Somalia: The Media, Resources & Ethnic Conflict

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MOGADISHU (HAN) December 31, 2015 – Public Diplomacy and Regional Stability Initiatives News. By: Russell Whitehouse. Fighting amongst neighboring peoples has been endemic throughout the history of humanity. From biblical clashes in Assyria to the civil war raging in Syria today, there is always turmoil brewing between two or more rival ethnic groups. They can take the form of prolonged struggles or they can seemingly crop up out of nowhere. However, no social breakdown happens for no reason. The two-decade long conflict in Somalia can be explained by instrumentalism.

Instrumentalism is a theory that posits that politicians and the media play a paramount role in the formation of ethnic identity and rivalry. Rulers inculcate ethnic values into its citizens starting from birth. Children are educated with curriculums that are tailor-made to complement the government’s view of history. Television programs, radio shows, web sites, music, plays and books are commissioned by politicians or, in industrialized nations, by business interests to support their agendas.

The People’s Republic of China is a textbook example. They censor anything in their history books or websites that is damaging to the legitimacy of the regime, like anything having to do with the Tiananmen Square Massacre. If resources (water, food, grazing land, minerals, metals, oil, etc.) are becoming scarce in an area, the local leader might incite ethnic violence towards a neighboring group in an attempt to redistribute scarcities to his people. An ambitious leader could likewise invoke ethnic hatred in order to expand his territory. Such a power play amongst the monarchs in Europe resulted in World War I.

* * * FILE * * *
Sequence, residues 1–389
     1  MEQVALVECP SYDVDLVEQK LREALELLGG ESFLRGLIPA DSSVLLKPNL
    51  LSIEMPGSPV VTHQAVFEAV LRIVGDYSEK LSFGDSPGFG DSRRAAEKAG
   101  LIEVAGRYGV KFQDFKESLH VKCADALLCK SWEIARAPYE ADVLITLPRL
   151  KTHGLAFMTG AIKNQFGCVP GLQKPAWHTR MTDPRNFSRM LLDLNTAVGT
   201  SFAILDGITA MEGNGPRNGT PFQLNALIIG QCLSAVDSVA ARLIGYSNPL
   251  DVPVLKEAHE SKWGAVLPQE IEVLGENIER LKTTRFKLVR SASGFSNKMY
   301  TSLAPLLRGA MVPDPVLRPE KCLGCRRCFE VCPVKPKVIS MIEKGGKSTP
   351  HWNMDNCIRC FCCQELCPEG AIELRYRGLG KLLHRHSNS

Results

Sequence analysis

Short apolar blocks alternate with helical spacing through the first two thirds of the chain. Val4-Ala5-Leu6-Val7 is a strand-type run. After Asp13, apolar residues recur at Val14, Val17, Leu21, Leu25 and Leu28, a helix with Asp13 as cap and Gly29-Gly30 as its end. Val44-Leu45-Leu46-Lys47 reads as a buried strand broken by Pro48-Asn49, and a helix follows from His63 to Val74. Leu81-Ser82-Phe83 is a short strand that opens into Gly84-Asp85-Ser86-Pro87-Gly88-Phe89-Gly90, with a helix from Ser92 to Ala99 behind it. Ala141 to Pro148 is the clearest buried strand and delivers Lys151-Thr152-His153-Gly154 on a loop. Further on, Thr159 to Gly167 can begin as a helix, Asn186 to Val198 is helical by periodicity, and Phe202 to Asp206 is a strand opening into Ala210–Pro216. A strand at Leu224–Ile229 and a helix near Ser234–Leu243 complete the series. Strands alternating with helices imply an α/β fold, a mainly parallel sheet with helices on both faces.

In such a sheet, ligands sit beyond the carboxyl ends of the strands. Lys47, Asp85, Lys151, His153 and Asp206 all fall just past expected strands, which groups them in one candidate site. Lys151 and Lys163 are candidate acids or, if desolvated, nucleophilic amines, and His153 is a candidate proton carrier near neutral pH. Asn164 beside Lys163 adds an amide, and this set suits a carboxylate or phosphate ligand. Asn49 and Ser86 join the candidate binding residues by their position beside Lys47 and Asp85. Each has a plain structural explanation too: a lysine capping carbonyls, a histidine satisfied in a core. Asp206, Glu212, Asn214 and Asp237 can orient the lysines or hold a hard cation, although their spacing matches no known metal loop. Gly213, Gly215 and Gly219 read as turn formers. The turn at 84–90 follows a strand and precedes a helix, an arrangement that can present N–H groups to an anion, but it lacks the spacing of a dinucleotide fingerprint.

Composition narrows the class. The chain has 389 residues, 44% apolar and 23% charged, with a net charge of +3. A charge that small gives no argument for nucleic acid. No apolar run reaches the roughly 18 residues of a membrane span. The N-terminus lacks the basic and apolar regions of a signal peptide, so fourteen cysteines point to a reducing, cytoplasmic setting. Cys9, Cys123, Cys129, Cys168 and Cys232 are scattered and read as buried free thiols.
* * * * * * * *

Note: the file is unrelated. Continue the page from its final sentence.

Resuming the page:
Rulers often mask their true intentions by using existential rhetoric. They argue that the rival ethnic group must be exterminated in order for the favored ethnic group to enjoy lasting prosperity. From the near-elimination of Native Americans by the US Army to the Hutu Power movement in Rwanda and Burundi, leaders have successfully utilized fear-mongering tactics to mobilize their people against enemies.

Somalia is a textbook case of instrumentalism at work. Somalia’s clan leaders foster ethnic feuds against each other so that they can fight for scant resources in their incredibly impoverished land. There is little fresh water and arable land in Somalia. As a result, most of its population has to rely upon agro-pastoralism for sustenance. Somalia’s ubiquitous goat herders must constantly search for grazing land to support their herds. This frequently leads to conflicts with herders from rival clans. Thus, there is perpetual animosity between neighboring groups, who must ensure that they have the land to support their main source of nutrition. Warlords arise to fight for their constituents. They must also scuffle over the few profitable metals and minerals buried in the country to help subsidize their living conditions. The fall of Communism in both Somalia and Russia brought about an end to Somalia’s international relevance.

The USSR, China and the United States had at various points heavily financed Siad Barre’s regime. After the Kremlin jilted Somalia in favor of its newly Communist neighbor Ethiopia, the US and PRC started supporting Barre’s nation to undermine the former. The Communist, and later Western, camaraderie kept Somalia from going hungry, which kept the various clans placated. After the Cold War ended, the political empires left Somalia. Siad Barre found that he had no allies left and the country quickly plummeted into poverty. Clans took up arms to fight for whatever resources were left, ousting the now bankrupt dictator and ushering in an era of anarchy. The more prosperous north eschewed fighting by creating a narrative of unity, leading to the creation of Puntland and Somaliland. Source: internationalpolicydigest

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